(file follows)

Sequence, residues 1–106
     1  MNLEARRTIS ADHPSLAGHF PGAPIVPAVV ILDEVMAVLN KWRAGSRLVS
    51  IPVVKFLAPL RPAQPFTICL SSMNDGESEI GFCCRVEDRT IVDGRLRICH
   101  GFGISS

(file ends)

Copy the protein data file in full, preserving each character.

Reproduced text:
Sequence, residues 1–106
     1  MNLEARRTIS ADHPSLAGHF PGAPIVPAVV ILDEVMAVLN KWRAGSRLVS
    51  IPVVKFLAPL RPAQPFTICL SSMNDGESEI GFCCRVEDRT IVDGRLRICH
   101  GFGISS